Wait. Shoot. I’m forgetting something. The whole, uh, game part of gamedev. This is just fiddling and playing around - valuable, for sure, and certainly when trying to pick up something new and slippery, but I can’t really play this. Games generally have goals, some have scores. Even games with emergent fun, whatever the hell that is, tends to have some kind of structure in place. So far, this is just a toy. Which loops back to why I’m here!

What’s a game, in the kind of base, boiled-down sense? Is it just a set of rules, simple or complex? Pong’s a game, right? At its core, Pong is a game that ends when someone’s lives hit zero. Aha! That means, in my game, I need to keep track of each player, decrement some counter when a particular event happens, and call the game ‘over’ when there’s only one person left standing. Right?

Well, sure. But what if it was a little different? What if there was a flag, and each marble had to steal/knock it away from the other marbles to take it back to their little cubby? How do you structure that? I guess that’s where I’m at. Luxe (bless it) has this pretty common, rad, new-to-me Entity-Component system. I’ve got a Sprite, and I attach Input to it, and bam, it moves. I attach Physics, and shazam, it affects its world, while the world around it affects it. (I’ve combined the two for convenience, but you get the point).

Which, after a whole lot of hot air and sore fingers on my part, leads to the conclusion: are Game Modes for this Dumb Marble Game just components that I can bolt onto…what? Having them attached to the sprites themselves seems a little too low-level, truth be told. What if the game object, the thing that holds the world, and the sprites, and receives the callbacks for collision, is the one I lump this thing onto?

Well, now we’re getting somewhere, aren’t we?

Weekly Update: 4-5-2015

This week was pretty slow. Most of it was spent fiddling and playing around with luxe and trying different things out. It’s going pretty well, and - hilariously enough - my first sample projects are rebuilding old stuff. I’m starting with bullet heck.

Not really pictured, here, are a few of the things I’m still wrapping my head around. Input works pretty well with just the keyboard, but it might take a bit of effort to get playing nicely on mobile. The mothership-esque thing also rotates to face the player, which is neat.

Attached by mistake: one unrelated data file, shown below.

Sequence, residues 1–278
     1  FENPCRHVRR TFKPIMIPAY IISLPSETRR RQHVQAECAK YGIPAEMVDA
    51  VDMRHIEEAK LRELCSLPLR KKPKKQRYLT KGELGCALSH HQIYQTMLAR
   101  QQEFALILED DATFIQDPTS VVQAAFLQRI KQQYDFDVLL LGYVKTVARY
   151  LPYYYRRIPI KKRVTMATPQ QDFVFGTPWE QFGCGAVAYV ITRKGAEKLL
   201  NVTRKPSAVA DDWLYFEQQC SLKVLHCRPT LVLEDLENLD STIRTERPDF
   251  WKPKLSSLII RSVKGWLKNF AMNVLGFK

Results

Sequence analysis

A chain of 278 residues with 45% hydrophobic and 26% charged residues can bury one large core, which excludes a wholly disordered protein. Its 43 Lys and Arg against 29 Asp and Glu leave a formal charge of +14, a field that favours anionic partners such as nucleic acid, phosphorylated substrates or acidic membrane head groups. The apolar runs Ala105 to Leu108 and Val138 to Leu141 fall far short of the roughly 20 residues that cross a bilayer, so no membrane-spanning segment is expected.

The good news with all of this fiddling is that I think I’ll be ready in two weeks (yikes) for the next Ludum Dare. I’m getting pretty excited!

The other thing I did was play with a few more generators for wallomatic and try to re-integrate the blurring stuff. I found some information about how to do a good blur, so I can at least tell if I’m getting the ‘right’ answer. Still not sure it’ll ship with blur, but at least I’ve got one problem knocked out. Basically, computer blur is dumb, and you’ll end up with black bands, rather than the averaged color. Obviously, this is bad if you want something to look good.

Weekly Update: 3-29-2015

This week I did…stuff? Ostensibly? Mostly just playing around with the pattern wallpaper thing. So far it really doesn’t work very well at all, which is a bit disappointing. The dials and knobs are too fiddly, and I’m not getting results I like, so it’s not looking good for this stupid thing.

Same deal with blur on wallomatic, actually. It’s…good, occasionally? And other times it’s just kind of a blurry mess (obviously) that hurts my eyes. I wanted something, oddly enough, with a lot of banding, but it isn’t really working out very well. Will try twiddling a bit more before giving that feature a swift kick in the teeth.

Which is kind of a funny side-issue on its own. It works pretty well on a few of them, all the time, but a lot of them it just really doesn’t jive. Is it better to not have it at all if it mostly sucks? That’s what I’d think, but what do I know?

Work continues, slowly but surely, on Bullet Heck. I’m doing some of the Game Center nonsense right now, filling out leaderboards and achievements, because every game needs ‘cheevos! I think a lot of the features are pretty much done, until they’re, uh, not. Welcome to gamedev!

Lastly, I’m still playing around with luxe engine/snowkit/whatever the hell. Still neat, and trying to wrap my head around components and entities and how to get everything to be aware of each other and play nice. The list of “things I need to make a game” is probably shorter than I think, and it’s really only the hard things that I need to get worked out.